BATON ROUGE, La. (WAFB) - Kerrick Jackson, the head coach of the Southern baseball team, has left the Jaguar program for a position in Major League Baseball.
Jackson led the Jags to a SWAC title and NCAA tournament appearance in his second season. He was also named SWAC Coach of the Year.
Southern reported Jackson turned in his resignation Monday, Nov. 30 to accept a position as the president of the MLB Draft League.
“On behalf of the Jaguar Nation, I want to express my sincerest appreciation to Coach Jackson for his dedication and service while leading our baseball program,” said Director of Athletics Roman Banks. “His tenure, as the Head Baseball coach, will be remembered for his unwavering commitment to our student-athletes, not only on the baseball diamond but in the classroom as well. We appreciate him for developing young people and bringing us back to the top of the SWAC with our championship run. While we are certainly disappointed to see Kerrick and his family leave our program, we are excited for their new opportunity.”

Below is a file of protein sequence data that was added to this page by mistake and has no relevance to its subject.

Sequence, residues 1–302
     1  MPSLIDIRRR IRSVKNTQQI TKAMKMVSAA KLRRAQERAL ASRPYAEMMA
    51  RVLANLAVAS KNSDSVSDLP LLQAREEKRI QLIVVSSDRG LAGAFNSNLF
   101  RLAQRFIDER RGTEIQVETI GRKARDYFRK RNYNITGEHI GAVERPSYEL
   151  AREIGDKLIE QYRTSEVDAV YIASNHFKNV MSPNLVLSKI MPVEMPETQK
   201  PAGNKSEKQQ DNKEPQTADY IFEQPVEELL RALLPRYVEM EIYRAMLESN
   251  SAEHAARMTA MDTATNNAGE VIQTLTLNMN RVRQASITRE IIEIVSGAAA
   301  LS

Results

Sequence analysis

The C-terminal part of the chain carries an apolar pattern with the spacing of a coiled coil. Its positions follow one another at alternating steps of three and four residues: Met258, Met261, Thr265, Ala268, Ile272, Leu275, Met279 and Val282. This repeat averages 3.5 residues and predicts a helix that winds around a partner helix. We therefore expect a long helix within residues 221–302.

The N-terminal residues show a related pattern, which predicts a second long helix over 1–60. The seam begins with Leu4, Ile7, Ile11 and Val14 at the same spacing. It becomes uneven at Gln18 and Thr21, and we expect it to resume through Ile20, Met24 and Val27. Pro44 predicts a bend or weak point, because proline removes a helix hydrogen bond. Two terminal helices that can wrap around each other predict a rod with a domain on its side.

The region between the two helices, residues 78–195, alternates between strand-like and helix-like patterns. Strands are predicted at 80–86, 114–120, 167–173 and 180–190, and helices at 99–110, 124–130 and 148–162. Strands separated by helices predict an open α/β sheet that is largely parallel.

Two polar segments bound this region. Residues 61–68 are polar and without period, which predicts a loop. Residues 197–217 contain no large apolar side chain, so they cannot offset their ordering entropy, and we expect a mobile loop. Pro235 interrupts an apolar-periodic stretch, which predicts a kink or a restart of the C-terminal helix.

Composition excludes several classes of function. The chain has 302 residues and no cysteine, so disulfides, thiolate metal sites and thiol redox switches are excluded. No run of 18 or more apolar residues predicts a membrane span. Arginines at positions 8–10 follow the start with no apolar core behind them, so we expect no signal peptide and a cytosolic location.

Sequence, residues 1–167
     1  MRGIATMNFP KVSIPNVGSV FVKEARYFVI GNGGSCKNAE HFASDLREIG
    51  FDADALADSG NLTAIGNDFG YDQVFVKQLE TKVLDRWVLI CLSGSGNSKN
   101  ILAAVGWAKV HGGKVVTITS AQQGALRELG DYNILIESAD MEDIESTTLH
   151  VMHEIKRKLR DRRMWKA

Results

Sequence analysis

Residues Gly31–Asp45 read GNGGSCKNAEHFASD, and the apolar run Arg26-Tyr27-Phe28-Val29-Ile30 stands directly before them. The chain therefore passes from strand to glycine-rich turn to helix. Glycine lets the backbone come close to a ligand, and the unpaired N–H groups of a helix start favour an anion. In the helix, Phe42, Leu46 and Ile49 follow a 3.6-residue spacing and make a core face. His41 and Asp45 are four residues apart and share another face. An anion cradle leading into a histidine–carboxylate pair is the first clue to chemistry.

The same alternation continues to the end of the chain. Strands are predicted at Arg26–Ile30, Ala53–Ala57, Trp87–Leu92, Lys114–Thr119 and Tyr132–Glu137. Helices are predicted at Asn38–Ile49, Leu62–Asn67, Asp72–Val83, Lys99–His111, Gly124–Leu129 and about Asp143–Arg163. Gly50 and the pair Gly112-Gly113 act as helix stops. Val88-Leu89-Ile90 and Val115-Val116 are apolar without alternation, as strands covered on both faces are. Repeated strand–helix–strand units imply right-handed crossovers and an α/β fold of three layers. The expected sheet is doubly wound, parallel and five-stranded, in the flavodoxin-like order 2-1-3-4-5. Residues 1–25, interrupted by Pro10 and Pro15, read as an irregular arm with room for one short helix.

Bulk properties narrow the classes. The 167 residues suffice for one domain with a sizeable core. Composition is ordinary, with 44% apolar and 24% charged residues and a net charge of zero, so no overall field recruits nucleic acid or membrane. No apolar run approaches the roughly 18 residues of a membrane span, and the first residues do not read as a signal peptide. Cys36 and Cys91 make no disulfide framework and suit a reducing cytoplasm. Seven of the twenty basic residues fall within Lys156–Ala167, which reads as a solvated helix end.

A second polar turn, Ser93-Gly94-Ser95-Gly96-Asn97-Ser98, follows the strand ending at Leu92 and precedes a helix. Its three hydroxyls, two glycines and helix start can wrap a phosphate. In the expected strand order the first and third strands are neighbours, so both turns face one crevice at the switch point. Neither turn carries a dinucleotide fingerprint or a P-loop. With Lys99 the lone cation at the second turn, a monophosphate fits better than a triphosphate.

In his three seasons at the helm, Jackson compiled a 47-67 record.
Athletic director Roman Banks announced on Wednesday, Dec. 3 that assistant coach Chris Crenshaw would take over as interim head coach.
“I am grateful for our Athletic Director Roman Banks for appointing me to lead the SU Baseball program, said Crenshaw.” “I know this is a difficult time for our student-athletes as any transition is, but we will come together as a team and continue to compete.” “Coach Jackson is a close friend, mentor, great man and an outstanding coach and we wish him and his family the best.” “We have a great group of student-athletes and staff, and we will work hard each day to compete at the highest level.”
Crenshaw is going into his third season coaching on the bluff. It will be his eighth season at the Division I level and 10th year overall on the collegiate level. He help guide the Jaguars to the 2019 SWAC Western Division Championship and overall 2019 SWAC Tournament Championship.
Prior to Southern, he spent five years at Jackson State and two years at Southwest Tennessee Community College, both as an assistant coach.
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